I'd actually go a step further than this and wouldn't recommend overclocking a machine unless you've got a genuine need to see a speed increase. Most people that overclock their systems really don't do it for any particular reason - and the result is often nothing more noticeable than a shortened processor life.
Quote:
Originally Posted by Mutant Corn View Post
Not true at all! With today's modern websites, you need something like the intel atom at the very least. That's roughly the equivalent of a 3.5ghz pentium 4. Even then, it won't be very snappy. My 2.8ghz celeron struggles with standard quality youtube, and maxes out on standard operating system processes, even with linux. Websites and OS's are constantly getting more complex, too, so it's only going to get worse. Personally, i wouldn't recommend anything less than a 2ghz dual core for a web computer.
Okay, I got a 2.9 GHz Athlon II 245... will that be good enough? I'm not going to overclock unless extremely necessary..
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Old 01-14-2010, 04:12 PM   #76
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Default Re: Build Guide for Teens

those can overclock really well around 3.5-3.8
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Old 01-14-2010, 04:25 PM   #77
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Default Re: Build Guide for Teens

Quote:
With today's modern websites, you need something like the intel atom at the very least. That's roughly the equivalent of a 3.5ghz pentium 4. Even then, it won't be very snappy. My 2.8ghz celeron struggles with standard quality youtube, and maxes out on standard operating system processes, even with linux.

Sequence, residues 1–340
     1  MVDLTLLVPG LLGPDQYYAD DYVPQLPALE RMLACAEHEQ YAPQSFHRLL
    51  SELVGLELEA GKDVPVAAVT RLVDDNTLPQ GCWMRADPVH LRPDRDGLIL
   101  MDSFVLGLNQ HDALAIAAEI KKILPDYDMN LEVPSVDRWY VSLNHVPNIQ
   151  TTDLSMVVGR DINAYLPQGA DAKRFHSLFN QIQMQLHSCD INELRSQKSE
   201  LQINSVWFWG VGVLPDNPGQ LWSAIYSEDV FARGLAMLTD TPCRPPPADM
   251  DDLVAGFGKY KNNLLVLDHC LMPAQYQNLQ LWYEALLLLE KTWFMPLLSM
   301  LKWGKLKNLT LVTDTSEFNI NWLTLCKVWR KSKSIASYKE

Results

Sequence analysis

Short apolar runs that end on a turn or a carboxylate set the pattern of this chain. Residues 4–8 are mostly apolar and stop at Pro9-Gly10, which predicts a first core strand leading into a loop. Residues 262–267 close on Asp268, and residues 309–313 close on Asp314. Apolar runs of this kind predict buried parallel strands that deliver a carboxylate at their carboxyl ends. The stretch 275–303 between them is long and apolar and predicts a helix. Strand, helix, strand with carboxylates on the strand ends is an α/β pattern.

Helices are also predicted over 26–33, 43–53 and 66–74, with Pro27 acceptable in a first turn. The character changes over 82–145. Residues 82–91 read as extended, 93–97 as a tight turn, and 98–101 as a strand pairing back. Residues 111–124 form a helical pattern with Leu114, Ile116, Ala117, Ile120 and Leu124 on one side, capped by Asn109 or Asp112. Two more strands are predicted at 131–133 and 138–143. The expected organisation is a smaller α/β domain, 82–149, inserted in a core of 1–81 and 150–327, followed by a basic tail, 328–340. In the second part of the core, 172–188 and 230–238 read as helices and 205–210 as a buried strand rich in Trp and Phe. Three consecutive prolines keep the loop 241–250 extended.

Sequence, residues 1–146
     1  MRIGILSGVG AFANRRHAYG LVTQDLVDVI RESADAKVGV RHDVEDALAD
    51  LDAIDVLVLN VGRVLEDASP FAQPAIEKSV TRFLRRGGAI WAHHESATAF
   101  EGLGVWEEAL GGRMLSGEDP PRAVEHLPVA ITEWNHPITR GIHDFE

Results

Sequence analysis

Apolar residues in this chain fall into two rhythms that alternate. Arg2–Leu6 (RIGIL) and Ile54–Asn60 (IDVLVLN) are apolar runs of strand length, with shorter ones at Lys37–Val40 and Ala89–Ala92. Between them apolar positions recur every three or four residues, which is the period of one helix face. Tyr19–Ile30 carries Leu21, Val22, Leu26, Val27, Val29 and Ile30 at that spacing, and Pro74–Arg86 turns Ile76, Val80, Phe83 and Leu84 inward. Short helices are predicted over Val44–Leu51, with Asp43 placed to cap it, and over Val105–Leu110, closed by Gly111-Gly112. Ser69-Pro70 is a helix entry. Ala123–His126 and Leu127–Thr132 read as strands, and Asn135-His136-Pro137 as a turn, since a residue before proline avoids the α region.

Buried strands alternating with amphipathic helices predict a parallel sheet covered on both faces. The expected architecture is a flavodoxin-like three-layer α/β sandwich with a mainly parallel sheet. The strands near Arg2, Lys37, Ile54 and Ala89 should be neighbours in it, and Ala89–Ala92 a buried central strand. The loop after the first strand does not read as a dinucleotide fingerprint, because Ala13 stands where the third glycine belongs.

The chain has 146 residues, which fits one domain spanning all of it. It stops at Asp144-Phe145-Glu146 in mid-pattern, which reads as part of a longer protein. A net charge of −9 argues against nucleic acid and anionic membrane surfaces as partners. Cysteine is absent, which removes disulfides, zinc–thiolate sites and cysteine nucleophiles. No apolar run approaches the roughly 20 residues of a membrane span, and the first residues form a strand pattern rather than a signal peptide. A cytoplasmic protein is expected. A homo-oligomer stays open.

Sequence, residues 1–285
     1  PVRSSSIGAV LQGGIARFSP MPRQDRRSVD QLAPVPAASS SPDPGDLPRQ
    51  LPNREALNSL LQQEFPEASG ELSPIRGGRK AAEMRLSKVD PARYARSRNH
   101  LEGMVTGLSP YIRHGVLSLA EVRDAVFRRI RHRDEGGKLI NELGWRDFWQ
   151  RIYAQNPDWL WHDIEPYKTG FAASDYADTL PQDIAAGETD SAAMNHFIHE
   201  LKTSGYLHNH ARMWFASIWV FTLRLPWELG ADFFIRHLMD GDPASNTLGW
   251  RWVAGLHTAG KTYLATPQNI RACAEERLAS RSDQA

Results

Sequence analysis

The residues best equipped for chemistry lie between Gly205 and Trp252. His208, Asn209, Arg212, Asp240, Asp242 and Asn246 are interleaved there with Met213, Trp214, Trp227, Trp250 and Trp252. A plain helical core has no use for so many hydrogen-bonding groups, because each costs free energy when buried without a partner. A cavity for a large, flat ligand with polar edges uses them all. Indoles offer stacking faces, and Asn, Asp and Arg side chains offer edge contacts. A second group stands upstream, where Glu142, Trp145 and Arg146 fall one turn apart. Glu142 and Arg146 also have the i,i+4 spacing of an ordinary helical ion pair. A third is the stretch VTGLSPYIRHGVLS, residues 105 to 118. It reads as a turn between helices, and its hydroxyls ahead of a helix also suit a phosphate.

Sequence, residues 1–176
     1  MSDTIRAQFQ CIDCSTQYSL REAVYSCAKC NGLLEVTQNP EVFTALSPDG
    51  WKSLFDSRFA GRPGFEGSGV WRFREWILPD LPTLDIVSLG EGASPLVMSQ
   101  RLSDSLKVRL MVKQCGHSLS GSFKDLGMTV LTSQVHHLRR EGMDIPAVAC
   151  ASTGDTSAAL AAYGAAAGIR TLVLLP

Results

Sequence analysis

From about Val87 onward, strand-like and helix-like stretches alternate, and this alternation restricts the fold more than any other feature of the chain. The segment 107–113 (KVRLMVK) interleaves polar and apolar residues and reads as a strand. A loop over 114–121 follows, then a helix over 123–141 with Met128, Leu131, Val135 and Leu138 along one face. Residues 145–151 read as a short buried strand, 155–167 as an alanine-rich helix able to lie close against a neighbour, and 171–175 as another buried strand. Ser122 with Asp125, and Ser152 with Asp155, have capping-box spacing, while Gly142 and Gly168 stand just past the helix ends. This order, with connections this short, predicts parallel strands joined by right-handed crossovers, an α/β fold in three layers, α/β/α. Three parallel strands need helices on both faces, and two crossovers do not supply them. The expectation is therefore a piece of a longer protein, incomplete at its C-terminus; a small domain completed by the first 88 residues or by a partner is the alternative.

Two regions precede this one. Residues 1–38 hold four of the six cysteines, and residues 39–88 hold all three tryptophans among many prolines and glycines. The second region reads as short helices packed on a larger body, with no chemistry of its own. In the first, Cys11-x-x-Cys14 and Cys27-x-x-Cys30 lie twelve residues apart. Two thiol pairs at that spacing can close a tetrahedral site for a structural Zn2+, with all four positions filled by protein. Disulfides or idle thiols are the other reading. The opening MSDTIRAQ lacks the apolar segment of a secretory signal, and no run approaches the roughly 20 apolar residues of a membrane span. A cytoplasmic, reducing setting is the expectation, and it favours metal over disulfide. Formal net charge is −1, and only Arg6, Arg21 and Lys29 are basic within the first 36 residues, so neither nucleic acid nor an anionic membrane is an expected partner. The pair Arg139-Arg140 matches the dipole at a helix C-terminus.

You're 2.8Ghz celeron maxes out on standard OS processes under linux?! I'm afraid you haven't set something up right there! I've got a custom hacked debian distro running the old 2.4 kernel that ran smoothly enough (you wouldn't notice the difference as a static web server with a few users) on an original pentium at 90Mhz. No, that one can't run youtube - but I have run Gentoo on a 1Ghz PIII which displayed youtube videos without an issue. Hi def content would be a different story - but an atom 330 is enough to handle 1080p smoothly from what I've read.

Not sure how you arrived at the atom being equivalent to a 3.5Ghz pentium 4 either, there's a heck of a lot of atom processors and each one performs very differently...

Quote:
How can a PSU cause my parts to overheat?
It won't necessarily cause your parts to overheat - that's not the only way they can fail!

Put it this way, the PSU is responsible for taking 240V AC (or whatever it is where you live) down to the 12V DC, 5V DC etc. that your components need to work. If something goes wrong in the PSU it's not unknown for it to break in a way that means it sends mains current DIRECTLY to your delicate components. A component that expects 12V DC or less (pretty much all of them) that is suddenly fed mains current is NOT going to be happy, and WILL break. That may be the least of your problems if it then goes on to start a fire.

A situation like the above is rare - but can happen, and is far more likely to happen if you choose a rubbish PSU that's made to lower standards. That's why most people here recommend spending a bit more to greatly lower the chances of something like the above happening!
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Old 01-14-2010, 04:47 PM   #78
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Default Re: Build Guide for Teens

Quote:
Originally Posted by VINMAN46 View Post
those can overclock really well around 3.5-3.8
good to know -- i'll keep that in mind.